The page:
How can you be content and deeply happy if you don’t respect yourself? If you don’t accept yourself? If you blame, shame and criticize yourself when you make mistakes? How can you truly love someone else unconditionally if you love yourself conditionally?
Don’t get me wrong, I think it’s very realistic to achieve big things in life even without actually loving yourself. And I think it’s possible to love others to some extent as well. But here I’m talking about the deepest level of fulfillment.
That you are content with who you are RIGHT NOW. You don’t NEED anyone or anything to be happy. You don’t need to get better, smarter, get that college degree, the perfect partner, better job, nicer house or more money. It’s that moment when you realize that you are worthy as you are RIGHT NOW.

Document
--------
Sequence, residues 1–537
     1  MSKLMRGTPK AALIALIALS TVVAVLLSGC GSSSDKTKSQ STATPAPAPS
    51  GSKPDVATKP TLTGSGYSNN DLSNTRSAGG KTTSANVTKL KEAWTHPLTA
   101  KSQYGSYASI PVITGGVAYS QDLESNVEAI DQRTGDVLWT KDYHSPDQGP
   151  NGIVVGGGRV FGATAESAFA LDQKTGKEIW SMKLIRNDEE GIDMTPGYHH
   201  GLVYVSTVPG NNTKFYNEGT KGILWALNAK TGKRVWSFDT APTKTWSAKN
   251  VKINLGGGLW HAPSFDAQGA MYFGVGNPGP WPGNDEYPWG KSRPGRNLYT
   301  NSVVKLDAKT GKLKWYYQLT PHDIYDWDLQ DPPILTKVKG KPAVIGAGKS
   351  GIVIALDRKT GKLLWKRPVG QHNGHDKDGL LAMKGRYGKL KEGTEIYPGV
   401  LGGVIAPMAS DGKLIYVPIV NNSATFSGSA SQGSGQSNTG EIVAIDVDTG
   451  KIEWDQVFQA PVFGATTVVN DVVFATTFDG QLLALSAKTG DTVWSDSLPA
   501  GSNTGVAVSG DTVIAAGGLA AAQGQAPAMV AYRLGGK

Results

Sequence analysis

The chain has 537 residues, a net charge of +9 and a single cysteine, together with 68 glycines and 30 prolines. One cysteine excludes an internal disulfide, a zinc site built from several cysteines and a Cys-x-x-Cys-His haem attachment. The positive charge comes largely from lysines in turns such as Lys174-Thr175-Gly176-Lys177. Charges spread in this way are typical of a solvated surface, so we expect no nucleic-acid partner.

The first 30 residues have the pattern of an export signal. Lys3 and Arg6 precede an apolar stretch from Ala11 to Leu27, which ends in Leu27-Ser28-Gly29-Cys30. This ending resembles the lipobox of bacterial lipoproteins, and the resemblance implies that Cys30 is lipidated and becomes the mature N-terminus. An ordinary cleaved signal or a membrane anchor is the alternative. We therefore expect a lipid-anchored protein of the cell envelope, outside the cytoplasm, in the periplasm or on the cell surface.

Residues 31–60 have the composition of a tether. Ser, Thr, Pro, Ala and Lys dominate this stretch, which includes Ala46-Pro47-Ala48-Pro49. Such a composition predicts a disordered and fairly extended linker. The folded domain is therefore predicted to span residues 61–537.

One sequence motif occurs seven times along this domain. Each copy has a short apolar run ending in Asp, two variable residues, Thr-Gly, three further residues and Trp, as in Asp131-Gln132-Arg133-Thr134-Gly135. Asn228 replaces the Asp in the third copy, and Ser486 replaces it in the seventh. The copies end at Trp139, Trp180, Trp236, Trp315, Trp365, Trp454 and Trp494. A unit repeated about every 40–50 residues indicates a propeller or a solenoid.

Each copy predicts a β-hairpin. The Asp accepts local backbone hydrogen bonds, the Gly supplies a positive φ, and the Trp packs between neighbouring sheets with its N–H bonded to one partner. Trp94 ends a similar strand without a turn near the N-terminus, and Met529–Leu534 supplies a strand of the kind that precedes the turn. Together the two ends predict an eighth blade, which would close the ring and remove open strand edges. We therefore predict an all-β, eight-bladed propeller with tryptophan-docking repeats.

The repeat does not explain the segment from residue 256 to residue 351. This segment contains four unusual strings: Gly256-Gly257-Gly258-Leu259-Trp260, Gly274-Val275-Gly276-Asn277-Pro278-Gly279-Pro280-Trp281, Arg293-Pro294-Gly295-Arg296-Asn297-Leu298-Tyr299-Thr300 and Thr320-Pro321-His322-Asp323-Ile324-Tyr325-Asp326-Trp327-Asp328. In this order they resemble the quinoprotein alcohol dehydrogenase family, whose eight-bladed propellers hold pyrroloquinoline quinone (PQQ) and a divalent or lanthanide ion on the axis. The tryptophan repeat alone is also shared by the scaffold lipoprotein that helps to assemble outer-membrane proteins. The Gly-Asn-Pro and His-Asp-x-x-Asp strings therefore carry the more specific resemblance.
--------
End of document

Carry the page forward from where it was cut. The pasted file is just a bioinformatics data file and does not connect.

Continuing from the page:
And yes, you can have all these things. But you WANT them, not need them. They do not define who you are. These things and other people expand your happiness and fulfillment, but they can’t fill it if there’s a void within you. And I think that’s the biggest trap there is when it comes to self-love and happiness in general. We all look for things OUTSIDE of us, while the answer always lies WITHIN us.
That’s why I think self-love might be the most crucial thing to focus on. It’s the foundation of your house. If you don’t have a solid foundation, every wall and roof will be shaky, no matter how well-built they are.
If you don’t have a solid foundation, it will be very, very hard (if not impossible) to build a solid house that won’t collapse sooner or later.
So, tell me…
How to Love Yourself?